Can it get any worse than this? You read the newspaper, what do you think? Social divisions seemingly irreconcilable. Wars never ending. Political code words that defy any dictionary definition.
Connecting the dots can put modern times in historical perspective. A newspaper is a good place to start. Take July 8, 1937. It might be the only time the dateline ALCOA, Tenn., has appeared on the front page of the Madera Tribune — a central California newspaper founded in 1885, just two years after first publication of The Daily Times.
It was a newsy Page A1 that day for the Tribune, one that demonstrates even in this digital age, the concept of news hasn’t changed much over the years — not in print anyway.
“Midwest Heat Takes Heavy Toll,” headlined a story about 100-degree temperatures spreading death, suffering and drought across the Central and Eastern United States. A story datelined Tokyo was headlined “Bitter Fight Near Peiping Rages Hours.” It told of peace talks breaking down as Chinese troops “refused to disarm and were taking a hostile attitude” toward Japanese troops clashing near what today is Beijing.
“Enforce Order for Palestine” reported how Jewish orthodox elders chanted prayers of sorrow at the Wailing Wall while British authorities awaited the first outbreak of resentment against a royal commission report recommending partition of Palestine. “Neither Jews nor Arabs liked the report.” The writer got that right.
Then there was this precursor to world war: “Hope To Renew London Treaty.” Sources were reporting Britain would shortly conclude naval agreements with Germany and Russia, making those two nations subject to the 1936 London naval treaty signed by Britain, France and the United States to limit the size of ships and gun calibers as well as tonnage of new German and Russian cruisers.
The big story of the day, topping page one in heavy type: “Mammoth Search For Earhart.” Three scout planes that were searching for the missing aviator Amelia Earhart were being joined by the aircraft carrier Lexington out of San Diego. Sixty-six additional land planes, seaplanes and flying boats were speeding to enlarge the search area that could cover a section of the Pacific the size of Indiana in six hours.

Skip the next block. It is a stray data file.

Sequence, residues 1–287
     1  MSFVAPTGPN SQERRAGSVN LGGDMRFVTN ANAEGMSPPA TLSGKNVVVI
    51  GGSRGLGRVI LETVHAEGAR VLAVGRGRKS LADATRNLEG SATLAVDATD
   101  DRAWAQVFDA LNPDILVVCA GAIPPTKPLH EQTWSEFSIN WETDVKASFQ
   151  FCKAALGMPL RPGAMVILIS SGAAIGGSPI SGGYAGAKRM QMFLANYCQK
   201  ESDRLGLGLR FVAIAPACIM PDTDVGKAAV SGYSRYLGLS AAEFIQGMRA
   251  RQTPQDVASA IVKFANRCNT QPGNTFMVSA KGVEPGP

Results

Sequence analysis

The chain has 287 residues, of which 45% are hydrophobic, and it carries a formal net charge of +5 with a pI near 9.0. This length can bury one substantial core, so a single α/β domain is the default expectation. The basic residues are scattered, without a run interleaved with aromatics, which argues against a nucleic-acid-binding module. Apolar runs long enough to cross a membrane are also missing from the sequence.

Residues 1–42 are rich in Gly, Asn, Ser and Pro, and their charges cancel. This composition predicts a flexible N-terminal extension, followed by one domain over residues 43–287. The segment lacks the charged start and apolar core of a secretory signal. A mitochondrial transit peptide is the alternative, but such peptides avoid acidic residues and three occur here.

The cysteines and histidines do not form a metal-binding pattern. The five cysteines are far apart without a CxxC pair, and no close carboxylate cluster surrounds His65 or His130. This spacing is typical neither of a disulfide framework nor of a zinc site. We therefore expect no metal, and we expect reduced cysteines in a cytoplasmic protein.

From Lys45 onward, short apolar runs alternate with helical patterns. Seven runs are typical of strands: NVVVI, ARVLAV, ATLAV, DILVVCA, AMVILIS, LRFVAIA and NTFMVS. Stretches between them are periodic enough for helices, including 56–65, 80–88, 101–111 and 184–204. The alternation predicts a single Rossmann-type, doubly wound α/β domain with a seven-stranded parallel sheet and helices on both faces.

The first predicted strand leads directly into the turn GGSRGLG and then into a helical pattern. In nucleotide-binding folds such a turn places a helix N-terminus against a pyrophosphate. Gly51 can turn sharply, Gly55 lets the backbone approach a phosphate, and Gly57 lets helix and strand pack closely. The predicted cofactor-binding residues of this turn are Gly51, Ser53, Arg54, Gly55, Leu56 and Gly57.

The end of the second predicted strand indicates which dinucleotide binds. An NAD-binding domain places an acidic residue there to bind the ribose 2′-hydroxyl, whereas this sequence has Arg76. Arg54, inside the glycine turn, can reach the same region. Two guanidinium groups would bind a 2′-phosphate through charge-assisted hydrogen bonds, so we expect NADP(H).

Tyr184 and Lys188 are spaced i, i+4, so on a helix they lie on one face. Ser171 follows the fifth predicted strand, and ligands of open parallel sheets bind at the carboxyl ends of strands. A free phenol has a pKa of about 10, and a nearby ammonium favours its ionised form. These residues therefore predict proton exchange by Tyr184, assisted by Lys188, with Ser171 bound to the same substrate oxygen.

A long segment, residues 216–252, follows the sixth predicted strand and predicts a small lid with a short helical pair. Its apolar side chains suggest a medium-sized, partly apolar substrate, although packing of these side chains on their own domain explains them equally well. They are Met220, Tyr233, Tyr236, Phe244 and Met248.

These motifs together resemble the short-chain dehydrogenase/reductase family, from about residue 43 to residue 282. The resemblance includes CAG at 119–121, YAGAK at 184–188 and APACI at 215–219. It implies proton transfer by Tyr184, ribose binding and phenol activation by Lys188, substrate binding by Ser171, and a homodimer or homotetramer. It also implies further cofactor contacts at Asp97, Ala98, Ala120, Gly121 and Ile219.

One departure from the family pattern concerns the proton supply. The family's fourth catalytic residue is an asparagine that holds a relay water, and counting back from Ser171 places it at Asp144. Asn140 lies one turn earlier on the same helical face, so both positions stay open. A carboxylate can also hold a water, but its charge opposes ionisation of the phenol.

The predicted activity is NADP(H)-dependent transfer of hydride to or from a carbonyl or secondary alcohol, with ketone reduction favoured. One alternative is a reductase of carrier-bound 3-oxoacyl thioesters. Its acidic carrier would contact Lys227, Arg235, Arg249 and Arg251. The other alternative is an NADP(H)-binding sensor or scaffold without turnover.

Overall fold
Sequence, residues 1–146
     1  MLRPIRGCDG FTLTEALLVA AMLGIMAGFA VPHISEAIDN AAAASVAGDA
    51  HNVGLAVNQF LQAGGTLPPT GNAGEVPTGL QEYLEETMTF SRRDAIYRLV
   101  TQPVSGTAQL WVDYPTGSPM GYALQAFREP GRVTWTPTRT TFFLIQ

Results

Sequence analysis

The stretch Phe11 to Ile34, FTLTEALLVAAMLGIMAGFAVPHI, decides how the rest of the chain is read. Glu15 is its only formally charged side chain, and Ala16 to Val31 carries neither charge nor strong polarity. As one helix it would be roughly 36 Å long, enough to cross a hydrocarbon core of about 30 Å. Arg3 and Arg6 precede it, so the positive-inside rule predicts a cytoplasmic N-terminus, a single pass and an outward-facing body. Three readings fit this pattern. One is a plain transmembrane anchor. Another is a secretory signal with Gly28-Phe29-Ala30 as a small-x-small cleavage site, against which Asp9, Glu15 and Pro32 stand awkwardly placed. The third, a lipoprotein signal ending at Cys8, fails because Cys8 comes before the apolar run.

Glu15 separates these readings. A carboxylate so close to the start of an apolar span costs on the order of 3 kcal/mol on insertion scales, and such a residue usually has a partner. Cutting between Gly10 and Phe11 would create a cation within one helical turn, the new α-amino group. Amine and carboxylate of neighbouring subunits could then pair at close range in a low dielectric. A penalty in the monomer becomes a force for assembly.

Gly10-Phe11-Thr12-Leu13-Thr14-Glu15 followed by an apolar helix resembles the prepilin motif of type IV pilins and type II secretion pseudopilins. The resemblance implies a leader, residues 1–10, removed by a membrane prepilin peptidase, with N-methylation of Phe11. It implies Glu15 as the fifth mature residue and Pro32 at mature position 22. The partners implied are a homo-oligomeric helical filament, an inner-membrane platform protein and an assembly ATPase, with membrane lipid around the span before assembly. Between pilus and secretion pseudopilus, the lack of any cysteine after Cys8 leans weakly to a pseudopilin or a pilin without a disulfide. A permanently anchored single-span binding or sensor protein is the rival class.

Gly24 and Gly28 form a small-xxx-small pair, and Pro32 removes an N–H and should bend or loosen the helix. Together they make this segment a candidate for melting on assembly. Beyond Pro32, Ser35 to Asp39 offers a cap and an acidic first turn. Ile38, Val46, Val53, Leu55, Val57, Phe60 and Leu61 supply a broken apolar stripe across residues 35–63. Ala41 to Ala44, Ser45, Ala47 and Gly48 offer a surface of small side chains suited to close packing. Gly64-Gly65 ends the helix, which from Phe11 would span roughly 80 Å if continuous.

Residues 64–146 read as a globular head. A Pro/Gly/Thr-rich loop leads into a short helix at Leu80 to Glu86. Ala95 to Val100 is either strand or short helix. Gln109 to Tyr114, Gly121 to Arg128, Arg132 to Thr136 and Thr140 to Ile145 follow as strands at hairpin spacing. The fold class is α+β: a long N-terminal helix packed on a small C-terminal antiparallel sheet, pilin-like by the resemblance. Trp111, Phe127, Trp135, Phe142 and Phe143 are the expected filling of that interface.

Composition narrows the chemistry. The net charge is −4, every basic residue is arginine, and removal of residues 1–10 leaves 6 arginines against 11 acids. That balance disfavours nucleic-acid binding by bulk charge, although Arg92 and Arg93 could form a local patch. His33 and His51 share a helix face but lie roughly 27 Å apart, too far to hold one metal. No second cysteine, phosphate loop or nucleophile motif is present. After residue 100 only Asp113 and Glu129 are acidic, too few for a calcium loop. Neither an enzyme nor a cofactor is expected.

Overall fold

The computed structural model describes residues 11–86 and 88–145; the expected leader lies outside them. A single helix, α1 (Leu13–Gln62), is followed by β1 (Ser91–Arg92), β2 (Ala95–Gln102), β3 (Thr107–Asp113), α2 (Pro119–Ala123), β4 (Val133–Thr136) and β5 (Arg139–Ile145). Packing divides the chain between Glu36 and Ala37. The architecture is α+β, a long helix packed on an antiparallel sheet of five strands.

The Alcoa connection in a California newspaper? Bumping against the big Earhart headline: “Call Guards Stop Battle Alcoa Plant.” The subhead: “Two Are Killed And Score Injured In Police And Picket Fighting.”
The story told of how national guardsmen had surrounded the Aluminum Company of America’s plant the previous night, July 7, to prevent further violence on the picket lines. Adjutant Gen. R.O. Smith, who commanded machine gun and infantry companies, met with an aide to Tennessee Gov. Gordon Browning and said, “We are not going to declare martial law here because we are getting too good cooperation from the union and from aluminum officials.”
Strikers and police had exchanged about 500 rounds before the riot outside the gates of the fabrication plant was halted. Each side blamed the other for initiating the gunfire. Two men died. Harrison Click, a striker, and ALCOA Plant Police Officer William J. Hunt.
To bring the story full circle, Hunt was among nine fallen law enforcement officers of Blount County who were honored May 15 at the Alcoa Police Department. Hunt — along with Lt. Glen Giles, who died of a heart attack July 2, 1987, after arresting a resistant suspect — were new to the list of the fallen. They had been accepted for inclusion on the National Law Enforcement Officers Memorial in Washington.
Again, can it get any worse than this? Yesterday’s news tells us yes it can. As journalism today comes under attack around the world from those who would blind us from the truth, it is worth noting that today’s headline is tomorrow’s history. Let us learn from it. In uniform or out, we’re all in this together.